Important Early Map of China, Based Upon Jesuit Sources.
Sanson's scarce map of China and Korea. This is one of the earliest maps to incorporate the geographical information brought back to Europe by the Jesuit Missionary Martino Martini, who is widely regarded as the father of Chinese geographical science. The map first appeared in the 1658 edition of Sanson's Cartes Geenerales de Toutes les Parties du Monde.
Martini was the first to study the history and geography of China with rigorous scientific objectivity. The extend of his knowledge of the Chinese culture, the accuracy of his investigations, the depth of his understanding of things Chinese are examples for the modern sinologists. Ferdinand von Richthofen calls Martini "the leading geographer of the Chinese mission, one who was unexcelled and hardly equalled, during the XVIII century…There was no other missionary, either before or after, who made such diligent use of his time in acquiring information about the country".
Sansonson also credits the 16th-century Jesuit missionaries Matteo Ricci and Michele Ruggieri in the text section of the cartouche.
The map extends to include the northern tip of the Philippines and a curiously curved Korean peninsula. Korea was usually shown as an island until the middle of the 17th century, so Sanson's depiction is a significant cartographic improvement. The Great Wall forms the northern boundary of China and the map is filled with rivers, mountains and villages.
A detailed explanation panel in the bottom right is surmounted by Pheme, the personification of fame and renown.
Nicholas Sanson (1600-1667) is considered the father of French cartography in its golden age from the mid-seventeenth century to the mid-eighteenth. Over the course of his career he produced over 300 maps; they are known for their clean style and extensive research. Sanson was largely responsible for beginning the shift of cartographic production and excellence from Amsterdam to Paris in the later-seventeenth century.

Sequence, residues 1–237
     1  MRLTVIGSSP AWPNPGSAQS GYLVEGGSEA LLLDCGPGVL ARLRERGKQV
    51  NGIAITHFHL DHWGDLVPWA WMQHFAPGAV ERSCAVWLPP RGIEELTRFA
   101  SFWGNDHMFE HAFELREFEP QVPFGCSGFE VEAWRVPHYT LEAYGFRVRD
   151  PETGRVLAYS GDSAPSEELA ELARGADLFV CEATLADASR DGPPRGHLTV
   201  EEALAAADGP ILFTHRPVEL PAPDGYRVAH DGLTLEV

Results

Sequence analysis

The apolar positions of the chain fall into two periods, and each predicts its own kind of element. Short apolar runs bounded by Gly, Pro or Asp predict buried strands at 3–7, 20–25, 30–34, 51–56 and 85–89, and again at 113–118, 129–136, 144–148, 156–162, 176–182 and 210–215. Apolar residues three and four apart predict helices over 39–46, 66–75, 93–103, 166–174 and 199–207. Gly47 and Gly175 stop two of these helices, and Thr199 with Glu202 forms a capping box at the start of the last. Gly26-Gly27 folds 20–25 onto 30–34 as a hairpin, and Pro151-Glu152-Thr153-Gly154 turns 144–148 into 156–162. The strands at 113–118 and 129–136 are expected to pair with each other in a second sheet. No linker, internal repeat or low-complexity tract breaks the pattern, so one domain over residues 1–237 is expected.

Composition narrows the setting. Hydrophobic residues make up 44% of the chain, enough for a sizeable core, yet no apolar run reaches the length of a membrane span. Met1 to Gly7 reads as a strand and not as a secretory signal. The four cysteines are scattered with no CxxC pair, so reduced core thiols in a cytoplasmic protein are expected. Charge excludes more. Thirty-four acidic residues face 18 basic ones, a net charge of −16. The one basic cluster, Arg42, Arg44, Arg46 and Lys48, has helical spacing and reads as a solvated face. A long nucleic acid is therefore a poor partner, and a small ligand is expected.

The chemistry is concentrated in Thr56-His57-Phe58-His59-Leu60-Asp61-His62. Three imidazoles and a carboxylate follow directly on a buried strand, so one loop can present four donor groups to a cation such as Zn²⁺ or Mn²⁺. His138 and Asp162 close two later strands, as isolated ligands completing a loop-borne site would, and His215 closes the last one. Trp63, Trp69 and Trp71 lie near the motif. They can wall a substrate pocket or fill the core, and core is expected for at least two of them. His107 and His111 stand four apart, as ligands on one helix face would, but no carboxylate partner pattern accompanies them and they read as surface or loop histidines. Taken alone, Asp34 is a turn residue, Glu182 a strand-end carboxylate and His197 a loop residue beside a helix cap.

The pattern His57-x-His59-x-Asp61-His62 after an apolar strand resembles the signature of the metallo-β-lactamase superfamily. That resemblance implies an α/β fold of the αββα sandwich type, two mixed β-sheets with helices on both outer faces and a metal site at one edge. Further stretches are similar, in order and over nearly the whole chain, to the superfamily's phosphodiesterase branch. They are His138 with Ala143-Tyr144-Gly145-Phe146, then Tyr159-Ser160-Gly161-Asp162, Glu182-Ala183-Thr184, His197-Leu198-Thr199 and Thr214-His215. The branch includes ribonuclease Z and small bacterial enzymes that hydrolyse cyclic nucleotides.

Sanson was born in Abbeville in Picardy. He made his first map at age twenty, a wall map of ancient Gaul. Upon moving to Paris, he gained the attention of Cardinal Richelieu, who made an introduction of Sanson to King Louis XIII. This led to Sanson's tutoring of the king and the granting of the title ingenieur-geographe du roi.
His success can be chalked up to his geographic and research skills, but also to his partnership with Pierre Mariette. Early in his career, Sanson worked primarily with the publisher Melchior Tavernier. Mariette purchased Tavernier’s business in 1644. Sanson worked with Mariette until 1657, when the latter died. Mariette’s son, also Pierre, helped to publish the Cartes générales de toutes les parties du monde (1658), Sanson' atlas and the first French world atlas.